like to work with, she answers, "I used to always say Chanel, but the wild part is that I did Chanel in my first Fashion Week. I'm already working with these amazing people and brands, I just hope to continue it. I'm excited for what else is to come." One glance at the muse leaves no room for doubt that she would be a supermodel in her own right anyway. "I don't think I'll ever say I've made it in fashion. I'm really competitive with myself. I think the point when I'll be close to telling myself I've made it is when I'm 40 years old and still killing it." @KendallJenner - 85

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Entering Litchfield Penitentiary, SAMIRA WILEY turned in a mere wisecracking sidekick in the form of Poussey Washington on Neflix’s Orange is the New Black. Escaping the recurring character trope, she raises the bar in the second season and proves to be a legitimate breakout. By Pola Beronilla Photographed by Jared Thomas Kocka Styled by Jordan Grossman Makeup Crystal Boyce Special Thanks to Scott Boute & Austin Evans of Serge PR - 87


“I’m just so far from a criminal,”

confesses Samira Wiley when asked on what crime she’d most likely be imprisoned for. “It would probably be such a crazy thing like, I’d be at a sports event where they’d tell you not to smile and clap and I wouldn’t be able to help myself so I’d go to jail or something like that.” With her cheerful grin and buoyant laugh that’s as bright as her persona, no one would think any different. The only thing she’s guilty of is leaving the audience in a daze after her character on Orange is the New Black took a turn as the show’s tragic heroine. When asked on what triggered her curiosity for acting, she bluntly

relates, “I was one of those weird kids who knew what they wanted to be at a young age.” From investing this interest early on in a performing arts program at Howard University in D.C. to charging her potential, doing as much Shakespeare as she could at Julliard School in New York, Samira was fully trained to step into a bigger stage as she turned in herself as Poussey Washington on Netflix’s binge-watching phenomenon. “It’s been this journey that started since I was like nine or ten years old, and now, everything’s sort of lined up. But it took a little while,” she admits. “I actually bartended the entire first season while we were filming. I just didn’t know if it was going to work out.” But from being behind one bar to many others, Samira found a new comfort in Litchfield Penitentiary. “As an actor, you have so many auditions and almost-jobs, you know where they kill your character off or all these things. There was just a part of me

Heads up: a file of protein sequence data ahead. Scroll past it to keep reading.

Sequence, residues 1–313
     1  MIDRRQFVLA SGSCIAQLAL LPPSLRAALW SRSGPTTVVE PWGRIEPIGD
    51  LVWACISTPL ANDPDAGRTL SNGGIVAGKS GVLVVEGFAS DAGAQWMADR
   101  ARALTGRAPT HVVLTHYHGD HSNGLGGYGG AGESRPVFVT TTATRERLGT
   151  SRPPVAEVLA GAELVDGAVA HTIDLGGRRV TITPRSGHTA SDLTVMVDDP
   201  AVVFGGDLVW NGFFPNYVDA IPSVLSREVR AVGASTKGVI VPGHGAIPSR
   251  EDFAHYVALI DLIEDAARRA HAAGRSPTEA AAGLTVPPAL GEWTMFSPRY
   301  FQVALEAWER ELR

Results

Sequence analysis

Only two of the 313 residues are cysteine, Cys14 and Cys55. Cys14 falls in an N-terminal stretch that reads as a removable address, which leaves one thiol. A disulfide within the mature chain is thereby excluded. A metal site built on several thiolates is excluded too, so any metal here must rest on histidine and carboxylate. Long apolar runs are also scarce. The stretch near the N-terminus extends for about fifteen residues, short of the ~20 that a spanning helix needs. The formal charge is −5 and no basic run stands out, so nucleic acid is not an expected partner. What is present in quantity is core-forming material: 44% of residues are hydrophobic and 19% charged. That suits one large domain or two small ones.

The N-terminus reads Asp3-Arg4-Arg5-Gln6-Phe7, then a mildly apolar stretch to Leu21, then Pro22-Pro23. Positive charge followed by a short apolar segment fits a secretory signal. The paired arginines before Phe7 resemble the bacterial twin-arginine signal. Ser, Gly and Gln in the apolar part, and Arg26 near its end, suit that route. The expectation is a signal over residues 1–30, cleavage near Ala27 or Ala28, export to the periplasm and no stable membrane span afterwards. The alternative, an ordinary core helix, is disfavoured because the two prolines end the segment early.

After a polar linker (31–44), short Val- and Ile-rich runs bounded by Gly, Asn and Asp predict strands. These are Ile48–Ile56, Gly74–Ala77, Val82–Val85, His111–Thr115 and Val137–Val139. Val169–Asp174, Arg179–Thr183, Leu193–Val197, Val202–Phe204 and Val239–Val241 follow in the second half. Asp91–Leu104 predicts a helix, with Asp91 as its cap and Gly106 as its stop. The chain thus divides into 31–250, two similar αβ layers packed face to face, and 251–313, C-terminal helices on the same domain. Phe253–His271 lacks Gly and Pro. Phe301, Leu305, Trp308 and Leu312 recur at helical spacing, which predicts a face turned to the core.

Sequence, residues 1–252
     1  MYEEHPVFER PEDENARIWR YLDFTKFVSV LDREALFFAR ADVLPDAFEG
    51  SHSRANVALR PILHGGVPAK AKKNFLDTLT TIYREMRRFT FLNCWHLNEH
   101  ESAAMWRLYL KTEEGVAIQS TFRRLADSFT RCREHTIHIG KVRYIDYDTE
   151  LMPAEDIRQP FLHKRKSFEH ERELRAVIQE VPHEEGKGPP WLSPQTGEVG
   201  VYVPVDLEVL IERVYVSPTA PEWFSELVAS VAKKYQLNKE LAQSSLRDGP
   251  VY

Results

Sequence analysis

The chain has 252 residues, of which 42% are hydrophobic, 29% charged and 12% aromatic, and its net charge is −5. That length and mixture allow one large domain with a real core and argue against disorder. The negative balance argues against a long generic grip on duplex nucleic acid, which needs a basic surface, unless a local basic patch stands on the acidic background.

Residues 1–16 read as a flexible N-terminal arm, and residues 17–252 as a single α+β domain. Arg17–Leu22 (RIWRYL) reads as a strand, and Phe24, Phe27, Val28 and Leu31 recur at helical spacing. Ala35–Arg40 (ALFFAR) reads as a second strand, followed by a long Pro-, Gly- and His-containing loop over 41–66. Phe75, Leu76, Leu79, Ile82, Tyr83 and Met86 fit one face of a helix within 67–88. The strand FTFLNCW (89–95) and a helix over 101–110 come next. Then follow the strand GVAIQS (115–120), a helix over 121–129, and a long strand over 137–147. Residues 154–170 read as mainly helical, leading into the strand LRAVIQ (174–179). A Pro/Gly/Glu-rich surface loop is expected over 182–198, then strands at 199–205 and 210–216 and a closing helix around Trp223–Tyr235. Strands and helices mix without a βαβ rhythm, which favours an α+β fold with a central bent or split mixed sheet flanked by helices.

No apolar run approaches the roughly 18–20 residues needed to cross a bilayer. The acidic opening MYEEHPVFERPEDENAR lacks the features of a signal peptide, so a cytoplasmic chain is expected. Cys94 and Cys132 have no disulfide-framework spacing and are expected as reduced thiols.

that didn’t believe it was real.” Entering the second season of the show, Samira was as clueless as the audience on what was in store for Poussey Washington. In the episode “You Also Have Pizza,” viewers had a slice of Poussey’s painful past in Germany before arriving at the correctional facility. As the series progressed, her beloved character went from Taystee’s comical sidekick to the show’s belittled moral compass. Backed up by Samira’s acting chops, people were taken through an entire spectrum of emotion as Poussey was isolated from the makeshift family she had in prison, rejected by her best friend, and ultimately, helplessly assaulted. “She’s such a good and loyal friend, and I think that’s where her heart lies. She’s able to stand up for her friend and stand up for her morals, even when everyone else isn’t doing that,” shares Samira of her character. It’s because of this performance that swiftly tagged her character as the fan favorite. But that’s not to say that the rest of the cast isn’t commendable. One of the first few of the bingewatching format, the series has been nominated for a People’s Choice Award and several Writers Guild of America Awards. It has also won a Peabody Award in 2013, and recently,